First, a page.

tek's rating:

The Prisoner, on AMC (USA) / ITV (UK)
AMC; IMDb; TV.com; TV Tango; TV Tropes; Wikia; Wikipedia

Caution: potential spoilers.

Sigh. This is, of course, more or less a remake, or modern adaptation, of the 1960s cult classic series The Prisoner. The 2009 miniseries consists of 6 hour-long episodes (which aired 2 per night for 3 nights), which I suppose is an appropriate number. Six episodes? Right? Or maybe that's just a coincidence, I dunno. Anyway, it's not nearly as good as the original series.

There is a man (Jim Caviezel) who wakes up in the desert, and meets an old man called 93, who is being pursued. Soon after, 93 dies, and the newcomer finds his way to the Village, which 93 had been trying to escape. This newcomer is given the number 6, as everyone in the Village goes by a number, rather than a name. The Village is ruled by someone called 2 (Ian McKellen). Um... I guess 2 wants to break 6, though it's not very clear what exactly this means. In the original series, 2 (who was replaced each week) always wanted to learn why 6 had resigned from his job as a spy. Here, however, it seems more like 2 just wants 6 to accept the Village, and stop trying to find a way to escape.

Anyway, 6 hadn't exactly been a spy, in the real world. He'd worked for a mysterious company called Summakor, and I guess he had sort of spied on people, through electronic surveillance, or whatever. It's not really clear what the point of it was, but at any rate, he had resigned, and it was after that that he ended up in the desert, not knowing how he'd gotten there. He remembered that there was an outside world, while everyone else in the village seemed sure that the Village was all there was. But 6's memories were kind of fuzzy, at least of what had happened since he resigned. In each episode, he slowly remembers the events following his resignation, which mostly involved meeting a woman called Lucy (Hayley Atwell). He met her at a bar, and they went back to his apartment. But it soon turns out that she also worked for Summakor.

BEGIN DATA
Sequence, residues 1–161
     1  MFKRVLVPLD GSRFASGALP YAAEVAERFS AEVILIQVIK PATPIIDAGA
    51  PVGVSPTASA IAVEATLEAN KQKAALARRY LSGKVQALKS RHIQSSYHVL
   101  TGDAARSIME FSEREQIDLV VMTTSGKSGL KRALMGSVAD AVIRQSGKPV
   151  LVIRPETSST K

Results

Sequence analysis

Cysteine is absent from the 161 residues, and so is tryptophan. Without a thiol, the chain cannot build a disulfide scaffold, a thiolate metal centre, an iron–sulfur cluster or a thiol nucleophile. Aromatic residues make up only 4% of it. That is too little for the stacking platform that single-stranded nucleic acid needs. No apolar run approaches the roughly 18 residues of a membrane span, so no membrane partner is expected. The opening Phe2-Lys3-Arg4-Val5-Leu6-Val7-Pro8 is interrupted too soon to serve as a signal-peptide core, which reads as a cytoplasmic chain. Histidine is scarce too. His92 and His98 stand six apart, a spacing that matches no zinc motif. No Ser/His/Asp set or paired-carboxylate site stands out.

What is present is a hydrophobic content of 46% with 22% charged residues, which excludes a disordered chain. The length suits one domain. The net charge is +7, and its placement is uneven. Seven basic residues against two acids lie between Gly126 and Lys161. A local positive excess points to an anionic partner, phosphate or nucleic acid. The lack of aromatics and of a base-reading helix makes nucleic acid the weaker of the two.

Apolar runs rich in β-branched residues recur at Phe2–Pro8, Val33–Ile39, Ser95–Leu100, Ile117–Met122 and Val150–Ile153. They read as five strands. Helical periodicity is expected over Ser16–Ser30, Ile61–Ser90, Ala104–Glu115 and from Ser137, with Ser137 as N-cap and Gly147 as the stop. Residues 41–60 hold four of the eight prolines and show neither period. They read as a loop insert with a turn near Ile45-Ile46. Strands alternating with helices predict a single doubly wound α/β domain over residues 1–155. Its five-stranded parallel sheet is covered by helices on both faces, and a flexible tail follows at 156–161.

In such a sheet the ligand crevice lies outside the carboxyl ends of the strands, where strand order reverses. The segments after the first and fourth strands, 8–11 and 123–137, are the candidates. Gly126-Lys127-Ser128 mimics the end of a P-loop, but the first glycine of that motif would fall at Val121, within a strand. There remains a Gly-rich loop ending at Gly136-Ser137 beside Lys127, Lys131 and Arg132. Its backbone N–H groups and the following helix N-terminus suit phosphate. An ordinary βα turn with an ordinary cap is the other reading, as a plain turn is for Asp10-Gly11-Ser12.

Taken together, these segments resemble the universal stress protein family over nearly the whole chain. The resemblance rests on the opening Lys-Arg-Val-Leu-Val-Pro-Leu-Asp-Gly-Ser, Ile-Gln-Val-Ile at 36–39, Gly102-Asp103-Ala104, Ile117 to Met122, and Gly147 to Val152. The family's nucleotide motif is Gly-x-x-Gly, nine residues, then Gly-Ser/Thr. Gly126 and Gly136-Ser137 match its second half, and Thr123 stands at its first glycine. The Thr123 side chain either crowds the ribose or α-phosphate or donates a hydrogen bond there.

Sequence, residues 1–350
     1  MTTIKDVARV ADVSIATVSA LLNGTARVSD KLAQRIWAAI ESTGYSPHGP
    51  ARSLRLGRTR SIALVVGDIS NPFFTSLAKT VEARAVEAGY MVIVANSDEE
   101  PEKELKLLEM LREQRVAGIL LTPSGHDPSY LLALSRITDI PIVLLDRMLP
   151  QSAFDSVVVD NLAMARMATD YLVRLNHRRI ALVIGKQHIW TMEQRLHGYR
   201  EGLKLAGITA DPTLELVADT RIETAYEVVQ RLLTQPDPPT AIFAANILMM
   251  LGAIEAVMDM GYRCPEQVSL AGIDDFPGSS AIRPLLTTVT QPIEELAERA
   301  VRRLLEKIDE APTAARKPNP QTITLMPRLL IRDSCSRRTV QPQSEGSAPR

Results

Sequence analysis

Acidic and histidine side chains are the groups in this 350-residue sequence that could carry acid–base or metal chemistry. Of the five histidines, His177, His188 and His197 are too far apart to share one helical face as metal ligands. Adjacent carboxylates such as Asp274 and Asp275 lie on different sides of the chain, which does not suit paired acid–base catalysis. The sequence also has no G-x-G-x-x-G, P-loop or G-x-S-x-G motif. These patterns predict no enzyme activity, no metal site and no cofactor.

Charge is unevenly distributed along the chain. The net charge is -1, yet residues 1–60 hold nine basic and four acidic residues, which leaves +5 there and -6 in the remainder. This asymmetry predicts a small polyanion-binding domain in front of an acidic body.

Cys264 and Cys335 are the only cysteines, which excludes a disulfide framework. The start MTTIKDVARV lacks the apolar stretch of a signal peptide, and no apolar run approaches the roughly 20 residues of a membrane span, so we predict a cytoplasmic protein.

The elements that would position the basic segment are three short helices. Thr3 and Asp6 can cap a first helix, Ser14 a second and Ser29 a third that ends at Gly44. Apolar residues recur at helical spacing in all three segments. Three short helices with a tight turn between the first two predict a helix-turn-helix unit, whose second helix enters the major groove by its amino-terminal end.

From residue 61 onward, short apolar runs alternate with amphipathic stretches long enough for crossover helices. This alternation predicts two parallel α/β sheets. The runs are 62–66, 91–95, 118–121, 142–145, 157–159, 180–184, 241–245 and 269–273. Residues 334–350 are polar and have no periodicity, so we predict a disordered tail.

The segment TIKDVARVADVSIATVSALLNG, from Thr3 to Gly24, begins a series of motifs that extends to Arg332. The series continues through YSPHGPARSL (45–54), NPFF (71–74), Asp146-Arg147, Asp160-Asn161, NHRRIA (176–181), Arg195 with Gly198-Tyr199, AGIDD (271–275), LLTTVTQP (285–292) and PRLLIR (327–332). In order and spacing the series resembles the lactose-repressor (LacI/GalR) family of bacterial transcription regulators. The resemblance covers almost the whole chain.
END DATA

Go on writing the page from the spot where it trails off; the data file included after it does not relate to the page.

Meanwhile, in the Village, 6 befriends a cabbie called 147, as well as a doctor called 313. And um... 313 is a potential romantic interest for 6, though in one episode, he gets involved with a woman called 415, who was Lucy, back in the real world. Anyway... there's different stuff going on in each episode, but it's all sort of vague, stream of consciousness stuff, that's hard to follow. We do learn that there are people called "dreamers," who dream of the outside world, even if they're not sure it really exists. But they are apparently a threat to the Village, and 2 would like to learn who they are, so they can be re-educated, or whatever. 313 is a dreamer, though. And 2 has a son called 11-12, who resents his father, and wants to learn more about the possibility of an outside world. And 2's wife is kept sleeping, by pills which 2 administers to her. Though at one point, we see her wake up to talk to 2 for a little while, and in a later episode, she wakes up to talk to 11-12, who she'd never met. But... she can't stay awake for long, for a reason I won't reveal. But all along, I had a suspicion about her, which turned out to sort of be right, I guess. But it's complicated.

Anyway, the stories are all weird and disjointed, partly because of flashing between the Village and 6's emerging memories of New York, but even within the Village, the story doesn't exactly flow in a natural way, so it's confusing. And in the final episode, there are flashes to New York which at first I assumed were more flashbacks, but then it seemed like they must be after 6 left the Village, though we never actually saw him leave. And finally, it seemed it was neither before nor after, but happening concurrently... as if he was simultaneously experiencing life in the real world and in the Village. (Which vaguely reminded me of a Canadian series called The Odyssey.) Well, we ultimately learn the truth about 2 and his wife, and the nature of the Village. Which I won't reveal, but... it might be considered less sinister than it seemed. Even if it was pretty weird, and you might say more science fictiony than the original series. Sort of. I dunno. And I don't want to spoil the ending, which... kind of leaves things... open-ended. I'd be interested to see where things go from here, but I don't know that they'll go anywhere. And I don't care that much, really. While it was weird and never made much sense, it wasn't as trippy or as interesting as the original. It was mostly kinda boring. But I suppose it wasn't really bad. Anyway, I don't know what else to tell you. Except that AMC's site has an online graphic novel that's connected to the Village, which started shortly before the miniseries, and continued for awhile afterwards. (But I don't think I read much of it.)


miniseries index